Kiesling Dep. 127. On or about April 23, 2010, Plaintiff filed a
timely charge of gender discrimination, based on her
termination, with both the Equal Employment Opportunity
Commission (“EEOC”) and the Pennsylvania Human Relations
Commission (“PHRC”). Compl. ¶ 11. The EEOC issued a Notice of
Right to Sue on this charge on or about November 16, 2012.
Compl. ¶ 11.
Having exhausted available administrative remedies,
Plaintiff timely filed the instant complaint on February 14,
2013. Defendant answered on March 14, 2013. Following the close
of discovery, Defendant moved for summary judgment on September
27, 2013. See Mot. Summ. J., ECF No. 17. Plaintiff filed a
timely response on October 15, 2013. See Resp. Opp’n, ECF No.
18. The matter is now ripe for disposition.
III. LEGAL STANDARD
Summary judgment is appropriate “if the movant shows
that there is no genuine dispute as to any material fact and the
movant is entitled to judgment as a matter of law.” Fed. R. Civ.
P. 56(a). “A motion for summary judgment will not be defeated by
‘the mere existence’ of some disputed facts, but will be denied
when there is a genuine issue of material fact.” Am. Eagle
Outfitters v. Lyle & Scott Ltd., 584 F.3d 575, 581 (3d Cir.
2009) (quoting Anderson v. Liberty Lobby, Inc., 477 U.S. 242,
247-48 (1986)). A fact is “material” if proof of its existence
or nonexistence might affect the outcome of the litigation, and
a dispute is “genuine” if “the evidence is such that a
reasonable jury could return a verdict for the nonmoving party.”
Anderson, 477 U.S. at 248.
The Court will view the facts in the light most
favorable to the nonmoving party. “After making all reasonable
inferences in the nonmoving party’s favor, there is a genuine
issue of material fact if a reasonable jury could find for the
nonmoving party.” Pignataro v. Port Auth. of N.Y. & N.J., 593
F.3d 265, 268 (3d Cir. 2010). While the moving party bears the
initial burden of showing the absence of a genuine issue of
material fact, meeting this obligation shifts the burden to the
nonmoving party who must “set forth specific facts showing that
there is a genuine issue for trial.” Anderson, 477 U.S. at 250.
Although the moving party bears the burden of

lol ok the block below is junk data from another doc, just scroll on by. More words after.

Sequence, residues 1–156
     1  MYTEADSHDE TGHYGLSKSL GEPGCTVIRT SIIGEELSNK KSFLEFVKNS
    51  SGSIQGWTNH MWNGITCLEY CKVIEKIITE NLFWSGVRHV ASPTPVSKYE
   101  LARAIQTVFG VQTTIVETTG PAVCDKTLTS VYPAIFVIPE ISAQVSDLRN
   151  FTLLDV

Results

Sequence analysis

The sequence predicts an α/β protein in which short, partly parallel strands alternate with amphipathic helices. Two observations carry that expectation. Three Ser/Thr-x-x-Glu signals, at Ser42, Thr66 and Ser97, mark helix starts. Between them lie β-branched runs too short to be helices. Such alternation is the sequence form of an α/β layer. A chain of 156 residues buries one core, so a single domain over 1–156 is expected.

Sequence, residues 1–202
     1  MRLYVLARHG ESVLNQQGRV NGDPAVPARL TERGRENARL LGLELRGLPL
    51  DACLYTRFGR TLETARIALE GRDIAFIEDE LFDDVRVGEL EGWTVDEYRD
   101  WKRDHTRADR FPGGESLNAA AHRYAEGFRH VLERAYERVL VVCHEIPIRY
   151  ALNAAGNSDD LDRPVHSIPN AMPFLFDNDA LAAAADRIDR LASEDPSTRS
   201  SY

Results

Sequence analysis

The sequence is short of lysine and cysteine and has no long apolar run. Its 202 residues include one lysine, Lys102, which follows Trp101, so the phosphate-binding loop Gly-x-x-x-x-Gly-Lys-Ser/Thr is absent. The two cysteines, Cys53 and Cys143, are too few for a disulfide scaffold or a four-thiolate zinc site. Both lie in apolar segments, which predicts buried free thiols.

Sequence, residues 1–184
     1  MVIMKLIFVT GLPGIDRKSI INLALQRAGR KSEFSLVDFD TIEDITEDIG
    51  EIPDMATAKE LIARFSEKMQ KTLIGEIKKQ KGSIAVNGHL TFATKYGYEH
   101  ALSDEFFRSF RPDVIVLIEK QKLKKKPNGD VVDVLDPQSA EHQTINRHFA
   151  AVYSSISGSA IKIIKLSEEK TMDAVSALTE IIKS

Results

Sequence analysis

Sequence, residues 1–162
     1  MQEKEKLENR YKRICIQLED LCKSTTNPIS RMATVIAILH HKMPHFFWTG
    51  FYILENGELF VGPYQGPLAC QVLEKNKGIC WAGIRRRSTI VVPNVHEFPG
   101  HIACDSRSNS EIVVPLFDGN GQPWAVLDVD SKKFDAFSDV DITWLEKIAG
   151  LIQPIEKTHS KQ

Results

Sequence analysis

demonstrating the absence of a genuine issue of material fact,
in a case such as this, where the nonmoving party is the
plaintiff and bears the burden of proof at trial, the nonmoving
party must present affirmative evidence sufficient to establish
the existence of each element of his case. Id. at 306 (citing
Celotex Corp. v. Catrett, 477 U.S. 317, 323 (1986)). Where a
plaintiff fails to point to “sufficient cognizable evidence to
create a material issue of fact ‘such that a reasonable jury
could find in its favor,’” then summary judgment may be awarded
to a moving defendant. See Perez v. New Jersey Transit Corp.,
341 Fed. App’x 757, 760 (3d Cir. 2009) (not precedential)
(citing McCabe v. Ernst & Young, LLP, 494 F.3d 418, 424 (3d Cir.
2007)). The nonmoving party may survive a motion for summary
judgment by presenting direct or circumstantial evidence and
that evidence “need not be as great as a preponderance,” though
it must be “more than a scintilla.” McCabe, 494 F.3d at 424
(citing Hugh v. Butler County Family YMCA, 418 F.3d 265, 267 (3d
Though courts are to view facts and inferences in the
light most favorable to the nonmoving party, a nonmoving
plaintiff cannot rely on unsupported assertions, speculation, or
conclusory allegations to avoid the entry of summary judgment.
Rather, a plaintiff “must go beyond pleadings and provide some
evidence that would show that there exists a genuine issue for
Jones v. United Parcel Serv., 214 F.3d 402, 407 (3d
Cir. 2000); see also Celotex, 477 U.S. at 324 (“[N]onmoving
party [must] go beyond the pleadings and . . . designate
‘specific facts showing that there is a genuine issue for
trial.’” (citing Fed. R. Civ. Pro. 56(e)); Kirleis v. Dickie,
McCamey & Chilcote, P.C., 560 F.3d 156, 161 (3d Cir. 2009)
(“Conclusory, self-serving [statements] are insufficient to
withstand a motion for summary judgment. Instead, the [party]
must set forth specific facts that reveal a genuine issue of
material fact.” (citations omitted))
Defendant moves for summary judgment on the basis that
Plaintiff fails to make a prima facie case of gender
discrimination in violation of Title VII and the PHRA. Mem. L.
Support Mot. Summ. J. 10. Alternatively, Defendant argues that
even if Plaintiff could establish a prima facie case of gender
discrimination, summary judgment should still be granted to
Defendant because the undisputed facts demonstrate that
Defendant had a legitimate, non-discriminatory reason for
Plaintiff’s termination, and Plaintiff fails to provide any
evidence on the record to suggest that this reason was
pretextual. See id. at 14.
McDonnell Douglas Burden-Shifting Framework for Title
VII and PHRA Employment Discrimination Claims
“Title VII and the PHRA both prohibit an employer from
engaging in . . . gender discrimination against an employee.”
Goosby v. Johnson & Johnson Medical, Inc., 228 F.3d 313 (3d Cir.
The analysis of Plaintiff’s discrimination claim is the
same under both Title VII and the PHRA, see Goosby, 228 F.3d 317
Claims under Title VII and the PHRA based on indirect